Do we want to eat at a fish restaurant where the seafood might eat us? From Gloucester, MA.

Who knew that dogs could read? Photo by Dominique Thiebaut.

We found this sign entirely ambiguous and couldn't figure out what message was being conveyed. From North Hartland, VT.

Our vote for the most unnecessary warning of all time, given that what's on either side of the bridge is....

This! From North Hartland, VT



Senator Max Baucus--with Democrats like him, who needs Republicans?

Brave, brave Max Baucus—just reelected to the Senate in 2008 and already running like it’s 2014. He’s patting himself on the back for the Senate Finance Committee’s rejection of a public option for health care reform. Baucus was quoted as saying, “My goal is to get a bill out this committee that becomes law….” Wow! There’s visionary leadership for you. Apparently it doesn’t matter if the bill is any good, as long as something passes. Let’s be brutally frank about this: If the final bill doesn’t contain a public option, who the f*%k cares? And while we’re at it, let’s ask another question: Who the f*%k needs cowards like Baucus or Kurt Conrad (North Dakota) in the Democratic fold if they’re going to act like rightwing Republicans?

Health care reform without a public option is a chimera; it’s no reform at all posing as action. Many of us—and this includes yours truly writing from Massachusetts—already have all the so-called “reforms” in place that the Baucus bill would require: portable insurance, no disqualifications for pre-existing conditions, and requirements that every resident buy insurance. We also have something Baucus and the Backroom Boys don’t want to talk about: some of the highest premiums in the nation. That’s because the entire system is based on protecting the bottom lines of private insurers, not on containing costs. As Senator Jay Rockefeller (West Virginia), one of the Democrats who “gets it,” commented about the current plan, “People come second and the profits come first.”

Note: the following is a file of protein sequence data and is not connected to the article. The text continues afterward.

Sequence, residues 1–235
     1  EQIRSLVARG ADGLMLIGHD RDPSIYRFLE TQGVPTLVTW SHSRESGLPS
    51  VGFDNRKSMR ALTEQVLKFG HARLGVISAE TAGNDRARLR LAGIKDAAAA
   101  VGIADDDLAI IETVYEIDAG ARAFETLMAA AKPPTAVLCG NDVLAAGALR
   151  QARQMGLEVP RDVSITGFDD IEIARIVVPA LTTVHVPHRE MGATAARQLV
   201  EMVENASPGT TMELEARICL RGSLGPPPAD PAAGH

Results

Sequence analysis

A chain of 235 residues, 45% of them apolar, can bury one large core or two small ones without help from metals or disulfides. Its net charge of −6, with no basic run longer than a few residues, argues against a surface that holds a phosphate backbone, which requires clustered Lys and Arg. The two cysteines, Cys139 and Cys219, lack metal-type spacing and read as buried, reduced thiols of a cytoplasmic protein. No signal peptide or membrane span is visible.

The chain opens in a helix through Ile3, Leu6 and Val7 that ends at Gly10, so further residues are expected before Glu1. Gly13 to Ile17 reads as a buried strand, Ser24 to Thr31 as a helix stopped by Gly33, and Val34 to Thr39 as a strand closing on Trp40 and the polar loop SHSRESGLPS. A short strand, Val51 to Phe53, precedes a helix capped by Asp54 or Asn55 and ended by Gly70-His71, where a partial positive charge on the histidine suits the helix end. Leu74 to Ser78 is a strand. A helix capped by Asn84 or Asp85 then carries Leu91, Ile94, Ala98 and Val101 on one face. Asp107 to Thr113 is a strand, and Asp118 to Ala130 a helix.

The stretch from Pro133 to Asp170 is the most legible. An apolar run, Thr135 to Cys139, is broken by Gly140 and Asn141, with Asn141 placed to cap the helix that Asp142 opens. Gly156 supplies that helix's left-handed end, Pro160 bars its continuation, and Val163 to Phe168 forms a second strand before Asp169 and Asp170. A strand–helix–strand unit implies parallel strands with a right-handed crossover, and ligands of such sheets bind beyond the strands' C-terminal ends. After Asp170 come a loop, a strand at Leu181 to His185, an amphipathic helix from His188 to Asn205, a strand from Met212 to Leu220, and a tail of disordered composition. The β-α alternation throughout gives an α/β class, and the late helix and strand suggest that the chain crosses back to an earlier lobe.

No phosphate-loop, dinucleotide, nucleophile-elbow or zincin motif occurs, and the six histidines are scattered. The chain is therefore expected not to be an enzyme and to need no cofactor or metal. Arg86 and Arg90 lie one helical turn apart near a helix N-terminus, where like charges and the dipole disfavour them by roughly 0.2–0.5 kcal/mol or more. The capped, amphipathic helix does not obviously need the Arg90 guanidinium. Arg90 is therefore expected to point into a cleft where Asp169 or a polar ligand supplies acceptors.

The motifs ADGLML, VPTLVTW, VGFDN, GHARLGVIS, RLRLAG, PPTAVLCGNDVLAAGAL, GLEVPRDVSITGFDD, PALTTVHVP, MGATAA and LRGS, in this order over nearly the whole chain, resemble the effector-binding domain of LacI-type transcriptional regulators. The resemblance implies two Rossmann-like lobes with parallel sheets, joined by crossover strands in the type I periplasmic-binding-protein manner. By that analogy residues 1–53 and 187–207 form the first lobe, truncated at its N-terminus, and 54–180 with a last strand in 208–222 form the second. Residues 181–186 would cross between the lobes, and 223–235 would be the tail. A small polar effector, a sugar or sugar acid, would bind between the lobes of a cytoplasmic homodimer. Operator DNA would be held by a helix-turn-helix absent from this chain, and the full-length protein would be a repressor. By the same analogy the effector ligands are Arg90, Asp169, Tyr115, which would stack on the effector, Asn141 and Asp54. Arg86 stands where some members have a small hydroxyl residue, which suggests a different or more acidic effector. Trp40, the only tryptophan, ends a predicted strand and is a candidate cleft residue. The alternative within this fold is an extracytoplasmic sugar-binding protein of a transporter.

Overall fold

The whole debacle is a reminder of why Democrats are such perpetual electoral losers—they don’t lead, they equivocate. Harry Truman once remarked that if you give the public a choice between a faux Republican and a real one, they’ll choose the real one time after time. This is precisely the path on which Democrats currently find themselves. Who could blame voters for being put off by Democrats whose view of problem-solving is George Bush with a human face?

Health care reform will be a test of President Obama’s mettle. He needs to apply party discipline and make it quite clear that he won’t entertain any health care reform bill that lacks a public option. Privately he needs to let party leaders know that the president will not campaign for, fund raise, or publicly support those who don’t climb aboard. How he handles his own party will be the measure of whether he can be—as many voters hoped—the heir to Lincoln or the next coming of Jimmy Carter—a decent man out of his depth.



Taking Woodstock, 2009
“Directed” by Ang Lee
(No Stars)

It’s been forty years since Woodstock and over time it’s been used for a metaphor for just about everything. But Woodstock as Jewish guilt!? After sitting through 120 minutes of this cinematic bad trip we can only conclude that director Ang Lee must have gotten hold of some leftover brown acid. This is easily the worst film of 2009 and a strong contender for the most inept movie of the century.